Sunday, December 25, 2011

Anti-Charedi, not Anti-Semitic

On Shabbos, I was at an informal kiddush, and a neighbor of mine got up to speak. Before I report what ensued, let me say that he is a really, really, terrific person - idealistic, dedicated to helping people, great personality, and I really like him - notwithstanding what ensued.

I can't remember the Chanukah tie-in, but he somehow got onto the topic of the inconsistency of Hillary Clinton criticizing Israel's oppression of women via Charedim, when Saudi Arabia beheaded a woman and Clinton remained silent. Okay, I can hear that this is a reasonable case for alleging antisemitism.

But he then moved on to the topic of Ramat Bet Shemesh Gimmel, the new, huge neighborhood being constructed a few hundred yards from where I sit. He claimed that anyone who is against the Charedim taking over RBS-Gimmel is an antisemite who hates Torah and mitzvos.

That was the part where some of us got into an argument with him.

I won't record the entire discussion, but the main part went essentially like this:

Us: Why is it unthinkable to be against the Charedi takeover of RBS-Gimmel? The Charedi population pays much less in city taxes, they cause many non-Charedim to end up leaving Bet Shemesh, and they enable kanna'us such as harassing children, stoning buses, and placing restrictions on businesses in the area (e.g. no tables outside pizza stores, placards insisting on dress codes)!

Him: They have a democratic right to live their lives the way that they want to!

Us: First of all, to the extent that they do have such a right, we equally have a legitimate right to oppose such changes to the city in which we live. Second, what kind of "democratic right" are you referring to, in their dictating to businesses how to operate?

Him: They just tell businesses that if they don't co-operate, they will lose customers.

Us: No they don't! They threaten them with the store being trashed!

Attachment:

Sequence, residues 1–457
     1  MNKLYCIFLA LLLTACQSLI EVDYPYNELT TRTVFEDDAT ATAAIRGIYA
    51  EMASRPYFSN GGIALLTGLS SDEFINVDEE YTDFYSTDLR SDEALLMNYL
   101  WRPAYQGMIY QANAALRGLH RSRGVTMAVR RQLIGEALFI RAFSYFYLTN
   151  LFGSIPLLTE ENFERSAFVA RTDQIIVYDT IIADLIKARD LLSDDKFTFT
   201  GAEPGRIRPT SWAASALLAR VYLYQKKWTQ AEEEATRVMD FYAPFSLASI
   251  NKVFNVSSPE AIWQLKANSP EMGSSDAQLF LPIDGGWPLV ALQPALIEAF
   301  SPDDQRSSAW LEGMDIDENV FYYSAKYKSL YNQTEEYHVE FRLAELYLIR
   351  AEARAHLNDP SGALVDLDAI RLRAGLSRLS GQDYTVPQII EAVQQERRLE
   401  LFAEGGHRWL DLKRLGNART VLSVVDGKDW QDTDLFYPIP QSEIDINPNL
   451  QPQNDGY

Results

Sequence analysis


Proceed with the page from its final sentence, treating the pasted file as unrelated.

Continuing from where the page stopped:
Him: Well, all that stuff is just a handful of crazy people.

Us: But it's in Charedi towns that such people have power!

Him: Well, it's just because the mayor and other charedim are afraid of the kanna'im; they don't really support them.

Us: Agreed! But since the end result is that in charedi towns, kanna'us effectively takes place, why isn't it legitimate to be against a town becoming charedi?

Him: Look, if a bunch of secular women wearing nothing but bikinis came to use our shopping center, wouldn't you be in favor of having them <i>physically</i> thrown out?

Us: No... and how exactly is that relevant?

Him: A Beis Din has the power to physically inflict lashes of someone who sinned in the privacy of their home!

Us: ??!!! What's that got to do with harassing little girls for wearing short sleeves?

Him: Well, that's just a few lunatics who should be thrown in prison. Anyway, it's a minor issue that affected one school, there's no general charedi problem like that. You don't see problems like that in Beitar.

Us: In Beitar, some people tried to build a gym for teenagers to work out their energy in a healthy way, and the extremists had it shut down on the grounds that it was Hellenism!

And so on, and so forth. And we didn't even get on to the economic issue, of how the charedi population has a very large proportion of people who do not work and thus result in the city being poorer, with its multitude of effects on everyone else.

What struck me is that this is a nice, normal guy, and a great mechanech, but to whom The Charedi Cause is so important that he can't bring himself to see how other frum Jews might have a legitimate reason to be against the direction that Bet Shemesh and Ramat Bet Shemesh have been taking in the last few years.

(See too this post at Life in Israel)

54 comments:

  1. He may be a nice guy, a terrific guy, a baal chessed, etc, but he's also a fool.

    However, despite being foolish, he's correct. Charedim cannot live with others, there is no way for them to bring up their children the way they prefer in a mixed environment. Therefore most Charedim have to live in separate cities where they can prevent their children from seeing frum people living in ways different than they are teaching them to live. It's sad, but it's a fact.

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  2. This is why I live in a small community - these nutjobs don't come to visit very often.
    The "circle the wagons" instinct is very strong in the Chareidi community. Add a helathy sense of denial and you can see why you should have stuck with the kugel instead of arguing.

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  3. Sounds "lively". (Glad I had another kiddush to go to!)

    I take a middle position here. If there is a "charedi takeover" of RBS-gimmel, AND this translates to a lower quality of life for me and my family, we will pick up and move.

    But I'd rather do that than be part of a campaign that effectively says to fellow Jews, "We don't want your kind around here" - be they secular, religious, black hat, no hat, bikini-clad or gartle-clad.

    So while I agree with many of the criticisms leveled against the charedi world (and personally prefer a more "relaxed" environment in which to situate my family), I have to agree with the speaker here. Charedim have to live somewhere, and if it turns out to be my backyard, then gey gezunt!